If 50% TPS was used as a threshold, 2/30 (6.6%)of the metastatic lesions had inconsistent PD-L1 expression compared to the primary tumor tissue (k = 0.78, and P < 0.001), among which, 1 (3.3%)cases had reduced PD-L1 expression and 1 (3.3%) case had increased PD-L1 expression in the metastasis lesions.
A Wilcoxon-signed ranks test was conducted to determine if there were differences in PD-L1 expression scores between primary and metastatic tumor in untreated NSCLC patients. The results showed that Z-value (Z) = -0.333, P-value (P) = 0.739.
The concordance of PD-L1 expression between the primary and metastatic tumor tissue for the untreated patients was analyzed based according to the clinical staging (Table 2a and 2b). The concordance rate of PD-L1 expression between the primary and metastatic samples for patients staging I-III was 81.3% when 1% was considered as the threshold, while it reached 100% when 50% was as the cut-off value (k = 0.62 and 1, and P < 0.001 and >0.05respectively). For stage IV patients, this number dropped to 71.4%(k = 0.43, and P < 0.001) and 85.7% (k = 0.42, and P < 0.001), respectively.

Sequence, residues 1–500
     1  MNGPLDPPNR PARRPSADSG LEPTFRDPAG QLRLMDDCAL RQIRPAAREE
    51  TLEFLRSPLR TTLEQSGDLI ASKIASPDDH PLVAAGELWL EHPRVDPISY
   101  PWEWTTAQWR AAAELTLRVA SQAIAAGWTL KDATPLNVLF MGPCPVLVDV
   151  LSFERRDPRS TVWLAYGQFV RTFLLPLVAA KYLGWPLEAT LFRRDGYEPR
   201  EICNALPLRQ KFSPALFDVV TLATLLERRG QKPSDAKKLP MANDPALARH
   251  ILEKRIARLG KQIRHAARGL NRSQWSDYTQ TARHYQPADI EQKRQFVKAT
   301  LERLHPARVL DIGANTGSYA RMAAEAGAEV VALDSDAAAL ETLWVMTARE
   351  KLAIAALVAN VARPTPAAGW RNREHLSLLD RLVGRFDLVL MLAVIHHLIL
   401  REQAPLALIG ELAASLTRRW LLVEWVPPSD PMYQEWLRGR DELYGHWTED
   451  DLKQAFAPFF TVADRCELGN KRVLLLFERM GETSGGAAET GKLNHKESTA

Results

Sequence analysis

A Mann-Whitney U test was used to determine if there were differences in H scores between stage I-III and stage IV in untreated NSCLC patients. The results showed the stage I-III (mean rank = 15.11) and the stage IV (mean rank = 15.84), U-value (U) = 106.5, Z = -0.283, P = 0.777.
It is worth noting that, all the discordant cases were the ones with distant metastases, include: pleura (3), brain (1), renicapsule (2), homolateral/contralateral supraclavicular lymph node (3).
The patients in the treated group were diagnosed as NSCLC after surgical resection or aspiration biopsy, followed by either targeted drugs treatment, chemotherapy or radiation therapy. PD-L1 expression status and scores in primary and metastatic lesions of this group of patients is shown in Table 3 and Figure 4.
PD-L1 expression of the primary and paired metastatic lesions in NSCLC patients with prior conventional treatment.